Waterbirds of the Wyong River

Today, further adventures in Quaternary estuarine geology – a paddle along the lower reaches of the Wyong River, where it meets Tuggarah Lake.  With a brief stop at Lake Macquarie to photograph this heron hunting, that makes two young and lovely coastal lagoons in one day.  And both fine places to be a waterbird. After my recent insensitive remarks about coastal lagoons being fed by underwhelming little creeks, I’m a bit surprised we didn’t have any unfortunate upending incidents today.  The mighty Wyong River is forgiving.  And generous with darters.

And egrets, both intermediate and great.  I’ve got a feeling there’s one of each here.  Despite the name, the sure fire way of distinguishing them isn’t size, but a dark line that runs from the base of the beak beneath the eye.  The great egret’s commissural line runs behind its eye, the intermediate’s stops short just below.  But I still think you’re great, mate, despite your middle-of-the-road name and your meagre eye liner.

On the bank amongst the ducks, doing its best to be invisible, a clueless young black bittern.  Obviously it wasn’t listening when its parents gave it the talking to about bitterns hiding coyly in the riverside rushes.

And of course, the contractual obligation pelican on a post.  Thanks your offerings, this sunny Sunday, Wyong River.

6 thoughts on “Waterbirds of the Wyong River

  1. More beautiful bird pictures! By coincidence, darters feature in my latest post too. It was the first time I have seen them. My favourite pic is the last one with the pelicans. Magical! You live in a wonderful spot. 🙂

    • Thanks so much Jane. I enjoyed reading about your subtropical pelican… sorry, darter! I had only seen a couple before, down at Berowra Creek, hanging out on the roof of an on-water tikki hut, and when we visited Ganguddy over the New Year. But I saw loads in the Wyong River, which is a bit less than an hour’s drive from here. I love their snakey necks – they’re not just shaped like snakes, but they move like snakes as well. I’m afraid I might have given some of them a persecution complex as they would fly away as I approached (or dive into the water and then just disappear) and then just as they were settling in on another branch further up the river, there I would be again. Gorgeous birds, especially the reddish wing feathers when the sun shines through them….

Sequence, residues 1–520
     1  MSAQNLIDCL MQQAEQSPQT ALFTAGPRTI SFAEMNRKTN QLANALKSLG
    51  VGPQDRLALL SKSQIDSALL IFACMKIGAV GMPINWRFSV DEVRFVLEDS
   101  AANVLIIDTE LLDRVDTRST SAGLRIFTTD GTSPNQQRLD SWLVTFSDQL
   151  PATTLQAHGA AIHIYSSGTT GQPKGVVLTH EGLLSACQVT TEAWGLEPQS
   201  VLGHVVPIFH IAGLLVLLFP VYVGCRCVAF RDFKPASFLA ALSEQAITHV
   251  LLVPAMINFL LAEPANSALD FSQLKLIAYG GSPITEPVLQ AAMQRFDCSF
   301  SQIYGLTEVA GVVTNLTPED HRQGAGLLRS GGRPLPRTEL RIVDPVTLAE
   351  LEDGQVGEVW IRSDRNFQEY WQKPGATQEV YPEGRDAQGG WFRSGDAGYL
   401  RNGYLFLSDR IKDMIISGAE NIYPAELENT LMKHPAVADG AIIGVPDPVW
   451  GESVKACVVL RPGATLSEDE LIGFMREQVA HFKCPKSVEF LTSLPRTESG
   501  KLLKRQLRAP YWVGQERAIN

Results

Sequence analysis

2. Hey Mccnmatt those pictures are sublime! We’ve got a little urban white- faced heron up here. In the mornings we find it poking between people’s letterboxes and up and down their driveways. Thanks for a lovely post. Cheers, Paula

    • Thanks Paula! Glad you enjoyed them. None of the birds are really unusual – except for the black bittern, which I originally thought was a striated heron. They aren’t too common in the south east, apparently, and are normally super shy. That one was a bit young and gormless I think – flew straight over the river to hang out with some ducks, about 5 m away from where I was loitering in my kayak. Lucky me! I do love the white faced herons though (I love the lanceolate plumes on the hunting one here). They seem to be very flexible about their habitats. There are some near where I work at Macquarie Uni – they wander around on the grass, especially after rain, enjoying worms I guess! I have never heard of one that investigates letter boxes though!!

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